1443 children from 26 different communities from across Calcutta played. All part of our Khelo Rugby project which takes sporting and other social development opportunities into places it doesn’t always reach. The planning and delivery of the camp is an integral part of the experience and our young Khelo Leaders drawn from across Kolkata did an inspiring job learning a huge amount in the process.

We were superbly assisted by Chef Shaun who managed to bring a little competitive spirit into who could deliver the top breakfast as well as win a tug of war versus a team of 12 year olds! Shaun was up every morning providing hot tea and orchestrating the breakfasts. Also calling in each day, inevitably on his way back from surgery was Jungle Crows Chairman Dr Hasan Iqbal to give cheery encouragement.

calcutta3And we’re indebted to those hotels and companies that supported the camp by delivering more than 15,000 bananas, 6000 boiled eggs and innumerable frooties, cakes and small gifts for the children. Turning up and playing with the children in the early morning after long hotel ‘party season’ shifts was great to see, take a bow; Indismart, Taj Bengal, Oberoi Grand, Decathlon, Balaram Mullick, Paris Café, Novotel, Kookie Jar, TIL, Swissotel, Bangalore Biere Club, Wow Momo, CDE, Hyatt, Savourites, Kutchina, Mio Amore, ITC Sonar and Hakuna Matata.

When our Winter Camp started 11 years ago there was no greater aim than to get a handful of children up and out and playing on a winter morning. And fundamentally this is still at the core of the camp. Giving children a motivation to play and enjoy our fantastic Calcutta winter mornings. But we can also now see how the camp has many more positive impacts. As a super way to engage with our Khelo Rugby children and teach them new things. As a practical hands on management training experience for the young coaches. As a great fun CSR project for a whole load of organisations. The Winter Camp provides a valuable focal point to all our work with children and communities.calcutta1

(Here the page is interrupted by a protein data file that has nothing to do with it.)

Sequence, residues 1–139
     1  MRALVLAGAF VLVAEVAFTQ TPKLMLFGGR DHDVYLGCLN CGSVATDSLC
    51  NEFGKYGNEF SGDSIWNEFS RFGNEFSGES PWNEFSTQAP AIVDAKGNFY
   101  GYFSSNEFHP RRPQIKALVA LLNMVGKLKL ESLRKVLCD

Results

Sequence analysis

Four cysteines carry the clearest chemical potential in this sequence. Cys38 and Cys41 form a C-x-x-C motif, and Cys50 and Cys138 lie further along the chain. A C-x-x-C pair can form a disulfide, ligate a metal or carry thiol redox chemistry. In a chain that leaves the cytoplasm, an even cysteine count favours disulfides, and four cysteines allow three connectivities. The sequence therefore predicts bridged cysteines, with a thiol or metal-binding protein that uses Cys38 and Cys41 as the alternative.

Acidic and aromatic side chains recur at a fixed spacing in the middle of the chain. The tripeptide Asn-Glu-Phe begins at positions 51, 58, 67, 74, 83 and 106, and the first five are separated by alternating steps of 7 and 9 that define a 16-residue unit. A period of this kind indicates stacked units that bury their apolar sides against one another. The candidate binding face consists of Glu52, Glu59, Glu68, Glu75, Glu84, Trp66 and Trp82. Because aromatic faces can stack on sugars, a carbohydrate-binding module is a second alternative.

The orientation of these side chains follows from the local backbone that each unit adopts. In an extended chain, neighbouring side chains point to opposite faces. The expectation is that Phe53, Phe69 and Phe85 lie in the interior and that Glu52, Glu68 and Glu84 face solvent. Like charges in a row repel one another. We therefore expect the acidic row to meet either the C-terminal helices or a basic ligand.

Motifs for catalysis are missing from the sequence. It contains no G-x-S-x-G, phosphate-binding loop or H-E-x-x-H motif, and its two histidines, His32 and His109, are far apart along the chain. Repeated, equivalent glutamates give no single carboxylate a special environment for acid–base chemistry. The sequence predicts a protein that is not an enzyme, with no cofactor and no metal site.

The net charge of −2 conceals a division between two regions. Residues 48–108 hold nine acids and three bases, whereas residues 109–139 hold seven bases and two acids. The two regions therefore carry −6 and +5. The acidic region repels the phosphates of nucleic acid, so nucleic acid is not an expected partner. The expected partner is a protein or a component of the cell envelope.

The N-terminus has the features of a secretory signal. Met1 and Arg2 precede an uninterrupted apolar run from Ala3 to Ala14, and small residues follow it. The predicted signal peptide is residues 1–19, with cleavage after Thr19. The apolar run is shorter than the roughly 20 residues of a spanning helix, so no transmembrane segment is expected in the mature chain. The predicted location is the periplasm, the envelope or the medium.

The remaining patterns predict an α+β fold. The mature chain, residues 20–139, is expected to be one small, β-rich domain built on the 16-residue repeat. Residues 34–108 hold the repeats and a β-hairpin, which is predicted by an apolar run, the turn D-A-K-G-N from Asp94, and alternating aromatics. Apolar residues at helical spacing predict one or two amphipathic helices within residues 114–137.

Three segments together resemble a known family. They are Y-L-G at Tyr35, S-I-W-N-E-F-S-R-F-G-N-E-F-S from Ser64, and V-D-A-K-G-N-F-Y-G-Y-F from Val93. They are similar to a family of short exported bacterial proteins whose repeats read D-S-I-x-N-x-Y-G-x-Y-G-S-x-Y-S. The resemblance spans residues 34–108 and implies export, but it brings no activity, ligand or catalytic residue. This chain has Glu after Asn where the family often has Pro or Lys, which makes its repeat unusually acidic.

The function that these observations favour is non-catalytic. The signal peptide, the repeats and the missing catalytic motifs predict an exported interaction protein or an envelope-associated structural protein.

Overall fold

The growth of the camp has been phenomenal and now attracts volunteers, visitors and supporters from around the world. And it doesn’t just happen on the Calcutta Maidan. We’re now in our second year in Bangalore: five mornings with 150+ children each day, second year in Siliguri: five mornings with nearly 400 children each day and for the first year in Uluberia supporting Decathlon’s work there with three mornings of camp and over 150 children each day. That’s over 2000 children in the camps with 35% of them girls.

In 12 years living in Kolkata I have only been away from the Maidan on Christmas morning once, this makes me a little bit crazy for sure, but I wouldn’t have it any other way because I just love these madcap winter mornings.

Click here and you can watch a brilliant little film on the camp made by our mate Rohan!

And if you would like to read the full detailed report on the camp please be in touch and we’ll send you a copy.

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Girls Power On

Parents should encourage their daughters to play rugby!

by Peter Fernandes

I was in one of our Khelo Rugby communities in Kolkata recently and heard a parent remark, “I would not let my girl play sports and rugby is out of the question because it is one the most dangerous sports in the world”. Working as I do for the Jungle Crows and having lived in the rugby crazy nation of New Zealand where young 5-6 year old girls turn up for weekly rugby training these words spoken by a parent left me hurting. And wanting to set them right!